Brad Hawkins: Well, I was just thinking that. You got a hacker that we’re here talking about being a hacker, and so far he’s been busted for stealing chemicals and for beating somebody up. So, you look at that and say, this guy’s all around not, not a healthy minded person, so.

Patrick McMurphy: Yeah, exactly. And so he gets, he gets out of the Idaho State Penitentiary on April 26th, 95.

And so at that time, Iceman, he relocates, he lives with his father near Seattle. And so he secures a few different part time jobs, mostly in technical support, because the guy is really good with computers. And at the time, he’s involved with IRC, Internet Relay Chat, which was a really, I think one of the first forms of chatroom.

It’s still kind of popular in some circles today. But he gets involved in downloading warez . And when I say warez , I mean I’m spelling it W A R E Z. Which, and warez refers to pirated software and media. Very popular nowadays, but not as popular back then. So at the time ISPs, Internet Service Providers, are looking out for people sharing any warez at all. Like, all over the country.

And so an ISP in Littleton, in Colorado detected that Iceman is uploading warez to an unsecured server. They effectively saw he was using an intense amount of bandwidth and thought to themselves who could be using that much bandwidth. And so the uploads are traced back to where Iceman was working, which were corporate offices of CompuServe in Washington.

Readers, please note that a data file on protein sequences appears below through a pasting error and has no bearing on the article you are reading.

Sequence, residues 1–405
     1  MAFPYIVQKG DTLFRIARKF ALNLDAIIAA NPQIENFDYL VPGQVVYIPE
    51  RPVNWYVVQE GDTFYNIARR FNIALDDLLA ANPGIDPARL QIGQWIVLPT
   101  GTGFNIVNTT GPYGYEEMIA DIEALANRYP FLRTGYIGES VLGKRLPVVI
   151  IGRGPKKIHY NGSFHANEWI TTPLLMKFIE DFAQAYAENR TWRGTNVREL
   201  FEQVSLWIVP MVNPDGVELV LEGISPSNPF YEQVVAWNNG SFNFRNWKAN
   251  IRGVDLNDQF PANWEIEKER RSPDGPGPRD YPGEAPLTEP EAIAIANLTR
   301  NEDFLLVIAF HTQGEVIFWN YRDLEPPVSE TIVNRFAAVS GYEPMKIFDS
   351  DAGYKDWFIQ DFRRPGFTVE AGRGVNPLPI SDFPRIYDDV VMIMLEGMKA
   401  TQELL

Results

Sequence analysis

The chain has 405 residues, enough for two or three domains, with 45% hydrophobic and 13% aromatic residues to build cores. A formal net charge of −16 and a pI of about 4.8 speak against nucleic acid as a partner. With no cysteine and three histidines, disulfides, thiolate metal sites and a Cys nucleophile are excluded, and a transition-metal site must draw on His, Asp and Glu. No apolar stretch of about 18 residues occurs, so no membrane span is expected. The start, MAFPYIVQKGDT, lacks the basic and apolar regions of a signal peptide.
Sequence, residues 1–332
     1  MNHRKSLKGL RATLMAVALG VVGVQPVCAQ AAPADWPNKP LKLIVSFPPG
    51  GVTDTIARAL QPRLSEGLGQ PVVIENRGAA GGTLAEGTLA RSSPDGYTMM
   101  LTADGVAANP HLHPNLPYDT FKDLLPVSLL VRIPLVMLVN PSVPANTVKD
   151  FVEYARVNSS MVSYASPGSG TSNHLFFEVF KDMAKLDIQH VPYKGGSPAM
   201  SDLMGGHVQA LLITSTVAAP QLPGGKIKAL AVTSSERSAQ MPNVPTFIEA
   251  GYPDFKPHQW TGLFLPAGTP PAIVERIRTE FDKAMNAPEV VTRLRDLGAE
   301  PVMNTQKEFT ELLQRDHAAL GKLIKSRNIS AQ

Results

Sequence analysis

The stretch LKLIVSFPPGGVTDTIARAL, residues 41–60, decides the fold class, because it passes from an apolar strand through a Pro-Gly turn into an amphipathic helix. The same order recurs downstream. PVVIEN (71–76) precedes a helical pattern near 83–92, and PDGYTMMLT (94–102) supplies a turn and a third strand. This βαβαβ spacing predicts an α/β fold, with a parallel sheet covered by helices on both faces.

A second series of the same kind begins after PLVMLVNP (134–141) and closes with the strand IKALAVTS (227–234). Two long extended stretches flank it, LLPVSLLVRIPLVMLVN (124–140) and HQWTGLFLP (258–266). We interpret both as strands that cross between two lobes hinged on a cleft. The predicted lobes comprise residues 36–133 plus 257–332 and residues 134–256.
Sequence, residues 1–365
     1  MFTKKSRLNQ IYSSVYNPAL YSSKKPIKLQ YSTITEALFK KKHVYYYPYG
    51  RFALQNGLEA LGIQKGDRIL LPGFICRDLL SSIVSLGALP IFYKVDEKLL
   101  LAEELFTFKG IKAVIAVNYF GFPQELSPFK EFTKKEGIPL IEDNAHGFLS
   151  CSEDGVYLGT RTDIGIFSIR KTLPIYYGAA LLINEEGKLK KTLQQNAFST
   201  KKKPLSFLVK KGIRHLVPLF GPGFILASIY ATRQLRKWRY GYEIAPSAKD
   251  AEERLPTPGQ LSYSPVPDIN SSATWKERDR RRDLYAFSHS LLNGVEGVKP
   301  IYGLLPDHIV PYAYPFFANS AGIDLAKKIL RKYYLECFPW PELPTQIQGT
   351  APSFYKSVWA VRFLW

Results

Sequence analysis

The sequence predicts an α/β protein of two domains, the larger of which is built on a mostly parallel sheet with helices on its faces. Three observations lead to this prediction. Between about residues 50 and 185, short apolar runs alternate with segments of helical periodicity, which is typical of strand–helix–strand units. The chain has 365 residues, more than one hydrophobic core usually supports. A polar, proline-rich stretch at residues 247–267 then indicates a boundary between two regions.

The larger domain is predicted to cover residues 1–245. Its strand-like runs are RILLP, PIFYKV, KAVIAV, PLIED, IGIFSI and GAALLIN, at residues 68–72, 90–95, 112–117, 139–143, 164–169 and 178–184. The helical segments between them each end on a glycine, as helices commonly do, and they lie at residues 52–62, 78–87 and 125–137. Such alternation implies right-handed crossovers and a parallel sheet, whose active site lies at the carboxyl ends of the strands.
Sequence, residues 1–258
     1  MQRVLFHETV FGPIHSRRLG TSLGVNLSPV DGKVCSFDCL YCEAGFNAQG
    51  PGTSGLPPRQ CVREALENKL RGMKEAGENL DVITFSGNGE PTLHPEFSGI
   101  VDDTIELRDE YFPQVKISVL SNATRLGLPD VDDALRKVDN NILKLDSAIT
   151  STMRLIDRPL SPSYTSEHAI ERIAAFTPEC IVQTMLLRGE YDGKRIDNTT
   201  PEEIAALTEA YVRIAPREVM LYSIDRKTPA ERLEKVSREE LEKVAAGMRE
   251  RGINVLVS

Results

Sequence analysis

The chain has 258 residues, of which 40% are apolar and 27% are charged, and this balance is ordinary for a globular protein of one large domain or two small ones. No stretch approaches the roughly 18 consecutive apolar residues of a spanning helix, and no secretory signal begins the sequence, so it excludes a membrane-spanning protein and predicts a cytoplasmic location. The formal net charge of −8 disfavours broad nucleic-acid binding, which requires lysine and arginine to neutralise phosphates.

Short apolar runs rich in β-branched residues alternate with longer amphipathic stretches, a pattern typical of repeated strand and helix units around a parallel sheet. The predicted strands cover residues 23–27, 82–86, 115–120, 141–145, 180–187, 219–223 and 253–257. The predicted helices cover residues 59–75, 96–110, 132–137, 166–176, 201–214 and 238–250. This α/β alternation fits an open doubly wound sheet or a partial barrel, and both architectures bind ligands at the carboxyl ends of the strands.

Jim Brangenberg: Which they were a huge player back in the late 80s, early 90s. They were a huge player on the internet.

Patrick McMurphy: Right, exactly, yeah, it’s, it was crazy, and so I mean, they fire him. They fire him, you know. It’s, that’s just how it is.

Brad Hawkins: Wow, so, so what, what exactly is a warez?

Patrick McMurphy: Really Brad, these days you would be referring to it, if you were like to, these days people pirate movies, and they also might pirate software, things like photoshop, and so what happens is that You would download it off something, actually, I won’t go into how you would do it.

Brad Hawkins: Good idea.

Jim Brangenberg: There’s an instruction manual by Patrick on how to steal software.

Brad Hawkins: So, so explain.

Patrick McMurphy: In very vague terms, there’s certain websites where one could download products that you would normally have to buy with money. However, they download them illegally and then they then host them illegally so others can download from them.

It’s the same then as it was, as it is now.

Brad Hawkins: So he was not in Littleton, Colorado, but he, he got busted from downloading in Littleton, Colorado. Can you explain how that happens?

Patrick McMurphy: The ISP was, the internet service provider was in Littleton, Colorado, and saw that his bandwidth was excessive. So the ISP for a CompuServe were likely a company based out of Littleton, Colorado.

Brad Hawkins: Hmm. Gotcha.

Jim Brangenberg: Oh, but you know, just like you said, someone’s always watching as we see in this great story. How else would they know how to advertise what’s on the side of your screen? That’s what I want to know. How come when you have a conversation in your living room, all of a sudden we pull up your phone and Facebook, the ads have to do with exactly that?